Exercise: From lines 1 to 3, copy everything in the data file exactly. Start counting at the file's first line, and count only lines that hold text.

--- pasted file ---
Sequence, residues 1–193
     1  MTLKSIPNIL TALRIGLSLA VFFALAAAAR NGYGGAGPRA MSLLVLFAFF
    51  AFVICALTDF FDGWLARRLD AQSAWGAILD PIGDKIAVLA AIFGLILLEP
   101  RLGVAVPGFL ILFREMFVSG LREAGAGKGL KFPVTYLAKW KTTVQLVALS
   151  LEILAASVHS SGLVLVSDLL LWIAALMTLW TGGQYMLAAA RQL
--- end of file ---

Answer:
Sequence, residues 1–193
     1  MTLKSIPNIL TALRIGLSLA VFFALAAAAR NGYGGAGPRA MSLLVLFAFF
    51  AFVICALTDF FDGWLARRLD AQSAWGAILD PIGDKIAVLA AIFGLILLEP